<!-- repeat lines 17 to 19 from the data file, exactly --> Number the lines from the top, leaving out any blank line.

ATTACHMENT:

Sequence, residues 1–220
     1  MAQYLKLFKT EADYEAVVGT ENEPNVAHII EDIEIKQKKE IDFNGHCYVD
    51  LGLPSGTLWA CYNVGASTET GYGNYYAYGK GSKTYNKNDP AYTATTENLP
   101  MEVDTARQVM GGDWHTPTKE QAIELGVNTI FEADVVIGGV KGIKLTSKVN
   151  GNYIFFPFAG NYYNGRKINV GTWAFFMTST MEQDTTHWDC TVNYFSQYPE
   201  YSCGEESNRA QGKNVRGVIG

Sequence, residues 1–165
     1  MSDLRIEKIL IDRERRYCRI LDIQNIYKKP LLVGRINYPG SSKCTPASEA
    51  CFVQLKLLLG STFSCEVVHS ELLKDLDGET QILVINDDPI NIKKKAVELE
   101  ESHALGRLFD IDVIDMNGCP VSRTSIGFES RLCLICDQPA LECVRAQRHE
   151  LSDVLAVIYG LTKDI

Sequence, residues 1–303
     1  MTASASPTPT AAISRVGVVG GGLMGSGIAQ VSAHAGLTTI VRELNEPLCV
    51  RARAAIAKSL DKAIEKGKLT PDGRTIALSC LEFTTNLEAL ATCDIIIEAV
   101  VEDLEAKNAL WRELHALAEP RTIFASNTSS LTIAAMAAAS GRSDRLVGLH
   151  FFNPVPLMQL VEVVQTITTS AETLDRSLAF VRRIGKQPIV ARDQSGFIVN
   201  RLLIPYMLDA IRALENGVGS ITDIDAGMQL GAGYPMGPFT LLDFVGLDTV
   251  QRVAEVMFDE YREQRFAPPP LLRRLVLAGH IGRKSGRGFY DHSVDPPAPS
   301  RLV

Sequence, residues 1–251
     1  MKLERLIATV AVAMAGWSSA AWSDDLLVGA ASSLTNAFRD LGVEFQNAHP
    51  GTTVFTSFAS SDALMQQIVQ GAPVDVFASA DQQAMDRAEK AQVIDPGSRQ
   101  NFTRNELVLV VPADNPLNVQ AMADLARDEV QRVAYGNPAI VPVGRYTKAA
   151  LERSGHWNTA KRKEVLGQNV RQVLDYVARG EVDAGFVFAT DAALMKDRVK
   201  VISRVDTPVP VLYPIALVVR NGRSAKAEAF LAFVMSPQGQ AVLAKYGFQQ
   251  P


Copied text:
   201  RLLIPYMLDA IRALENGVGS ITDIDAGMQL GAGYPMGPFT LLDFVGLDTV
   251  QRVAEVMFDE YREQRFAPPP LLRRLVLAGH IGRKSGRGFY DHSVDPPAPS
   301  RLV